Waraku Education

Ideas, experiments and observations as they occur [and I have time] relating to teaching and learning in a secondary school - special focus on ICT.

Wednesday, January 26, 2005

Is SACSA dead?

Does this set the cat amongst the pigeons and challenge the foundations/usefulness of SACSA and constructivism as the dominant learning theory for educating our students?

It certainly makes the point that the process for acquiring and using information is more important than the knowledge itself. The rate at which information is generated in our world is increasing exponentially. The time frame within which a specific piece of information is useful is decreasing.

Constructivist theory talks primarily about how we make sense of knowledge and internalise it for ourselves. It is talking about long term acquisition of knoweldge. Connectivism is more to do with access and use of information and less to do with retention. Get it, make sense of it, use it and move on - why retain it for any longer that you need it?

http://www.itdl.org/Journal/Jan_05/article01.htm

2 Comments:

  • At 10:28 pm, Blogger Jackie said…

    I don't think SACSA is dead - not yet anyway .... I think
    that the author of the journal article needs to define what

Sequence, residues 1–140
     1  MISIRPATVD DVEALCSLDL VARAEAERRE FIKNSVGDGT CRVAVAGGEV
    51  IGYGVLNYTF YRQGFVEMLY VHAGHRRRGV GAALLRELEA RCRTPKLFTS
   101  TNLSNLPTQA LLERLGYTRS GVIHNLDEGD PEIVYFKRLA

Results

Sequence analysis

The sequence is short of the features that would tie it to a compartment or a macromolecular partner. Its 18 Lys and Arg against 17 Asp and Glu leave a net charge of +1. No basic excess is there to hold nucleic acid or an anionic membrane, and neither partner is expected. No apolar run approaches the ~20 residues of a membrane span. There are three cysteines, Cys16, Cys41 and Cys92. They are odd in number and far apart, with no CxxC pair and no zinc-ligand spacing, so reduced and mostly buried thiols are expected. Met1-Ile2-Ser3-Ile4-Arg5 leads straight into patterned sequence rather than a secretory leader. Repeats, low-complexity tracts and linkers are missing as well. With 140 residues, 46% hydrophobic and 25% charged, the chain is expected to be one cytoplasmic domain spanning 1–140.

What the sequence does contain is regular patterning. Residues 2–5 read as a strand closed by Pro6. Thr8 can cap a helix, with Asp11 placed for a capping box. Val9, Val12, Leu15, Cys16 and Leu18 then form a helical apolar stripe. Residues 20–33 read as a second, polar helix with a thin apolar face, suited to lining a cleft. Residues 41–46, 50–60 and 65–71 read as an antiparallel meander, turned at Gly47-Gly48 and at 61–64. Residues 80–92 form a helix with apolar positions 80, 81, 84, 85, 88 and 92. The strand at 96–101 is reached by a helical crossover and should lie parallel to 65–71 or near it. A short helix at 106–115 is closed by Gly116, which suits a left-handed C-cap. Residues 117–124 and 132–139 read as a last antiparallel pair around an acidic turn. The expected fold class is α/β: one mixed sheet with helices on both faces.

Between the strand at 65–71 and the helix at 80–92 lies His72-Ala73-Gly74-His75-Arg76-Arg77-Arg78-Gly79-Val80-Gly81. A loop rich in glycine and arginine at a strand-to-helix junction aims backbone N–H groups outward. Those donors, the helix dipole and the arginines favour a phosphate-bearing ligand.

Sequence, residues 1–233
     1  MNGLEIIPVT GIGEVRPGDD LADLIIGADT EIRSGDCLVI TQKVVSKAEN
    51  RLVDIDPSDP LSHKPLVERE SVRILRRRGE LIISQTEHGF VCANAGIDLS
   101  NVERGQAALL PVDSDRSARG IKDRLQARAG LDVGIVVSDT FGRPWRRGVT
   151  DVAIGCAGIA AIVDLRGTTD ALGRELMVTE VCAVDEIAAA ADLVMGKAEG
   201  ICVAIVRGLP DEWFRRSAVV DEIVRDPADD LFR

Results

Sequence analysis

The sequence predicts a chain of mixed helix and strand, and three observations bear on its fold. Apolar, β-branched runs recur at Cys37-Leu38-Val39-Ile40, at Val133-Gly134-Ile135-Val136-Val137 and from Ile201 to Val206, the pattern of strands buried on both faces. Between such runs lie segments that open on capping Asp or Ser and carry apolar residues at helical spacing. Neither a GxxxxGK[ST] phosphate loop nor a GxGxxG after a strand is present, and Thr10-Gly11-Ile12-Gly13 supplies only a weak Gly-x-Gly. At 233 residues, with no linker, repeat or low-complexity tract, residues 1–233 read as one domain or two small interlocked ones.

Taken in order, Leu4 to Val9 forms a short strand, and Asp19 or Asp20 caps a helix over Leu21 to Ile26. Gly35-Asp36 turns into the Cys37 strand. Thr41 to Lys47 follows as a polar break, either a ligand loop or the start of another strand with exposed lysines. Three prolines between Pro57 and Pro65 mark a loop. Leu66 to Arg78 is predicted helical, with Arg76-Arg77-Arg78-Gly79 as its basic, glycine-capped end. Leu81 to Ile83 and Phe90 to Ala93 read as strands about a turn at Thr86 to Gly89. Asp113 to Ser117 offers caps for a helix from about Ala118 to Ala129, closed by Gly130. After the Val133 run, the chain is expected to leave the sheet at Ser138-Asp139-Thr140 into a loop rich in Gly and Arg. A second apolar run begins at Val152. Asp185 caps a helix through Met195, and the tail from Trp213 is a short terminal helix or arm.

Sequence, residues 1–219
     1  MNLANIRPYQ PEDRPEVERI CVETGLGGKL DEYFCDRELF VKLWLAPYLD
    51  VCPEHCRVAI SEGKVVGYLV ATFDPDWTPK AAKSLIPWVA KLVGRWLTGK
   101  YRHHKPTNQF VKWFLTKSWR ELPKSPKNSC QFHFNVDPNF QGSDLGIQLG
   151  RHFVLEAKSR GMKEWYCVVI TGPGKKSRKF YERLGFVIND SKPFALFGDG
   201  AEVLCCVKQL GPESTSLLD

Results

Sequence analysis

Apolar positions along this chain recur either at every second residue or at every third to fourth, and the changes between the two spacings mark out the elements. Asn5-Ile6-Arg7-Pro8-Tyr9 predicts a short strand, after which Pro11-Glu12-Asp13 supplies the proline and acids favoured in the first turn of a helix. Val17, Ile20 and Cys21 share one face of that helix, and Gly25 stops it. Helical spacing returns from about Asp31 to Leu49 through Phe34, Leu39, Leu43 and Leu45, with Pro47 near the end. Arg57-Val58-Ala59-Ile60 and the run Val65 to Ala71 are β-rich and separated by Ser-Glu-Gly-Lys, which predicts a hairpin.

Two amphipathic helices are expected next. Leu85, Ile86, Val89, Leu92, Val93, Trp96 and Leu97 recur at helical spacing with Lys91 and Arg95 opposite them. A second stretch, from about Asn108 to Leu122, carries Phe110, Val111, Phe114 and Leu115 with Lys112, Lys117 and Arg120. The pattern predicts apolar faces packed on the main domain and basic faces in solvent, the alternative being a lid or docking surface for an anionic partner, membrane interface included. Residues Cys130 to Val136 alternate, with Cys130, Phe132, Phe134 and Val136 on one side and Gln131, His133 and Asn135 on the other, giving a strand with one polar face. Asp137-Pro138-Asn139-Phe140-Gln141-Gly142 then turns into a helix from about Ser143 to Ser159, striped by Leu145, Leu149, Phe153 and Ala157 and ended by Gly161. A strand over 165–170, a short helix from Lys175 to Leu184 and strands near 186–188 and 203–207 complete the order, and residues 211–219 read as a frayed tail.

he understands by "learning". Whilst I don't disagree with
    some of the points he makes - e.g some of those related to
    what he describes as "significant trends in learning", I
    don't think that he supports some of his assertions with
    valid arguments. For example he refers to "learning that
    occurs outside of people (i.e. learning that is stored and
    manipulated by technology)". I'm not convinced that this is
    possible. From what I understand of learning, in
    relationship to the above claim, is that it is an active
    process of constructing meaning; that it happens in the
    mind; that it involves a change of behaviour; that it is
    linked with language; that it is a social activity and
    happens with others; etc. If we accept this view of
    learning, then I find it difficult to see how learning can
    occur outside of people.
    Cheers,
    Jackie

     
  • At 10:38 pm, Blogger Bill Kerr said…

    Hi Jackie, Wara,

    One thought I've had about SACSA is that its whole design contradicts constructivism because SACSA is a thing from "outside" (the Department) being imposed on teachers. So I find it ironic really that now a new theory has come along which says that these things from "outside" do in fact constitute real learning.

    Nevertheless, I keep on thinking about this paper because with the growth of the Web with all the connections, that does put more emphasis on the ability to quickly know how to find the bit of knowledge that we want. People who are plugged and are Web savvy know more than those who aren't, other things being equal. So, I reckon being connected does count for something and I think it might be a big something.

    Also there might be a difference between the top down down SACSA model and the Web model, which is lateral, not hierarchical.

    Still thinking about that paper - thanks for the link Wara.

     

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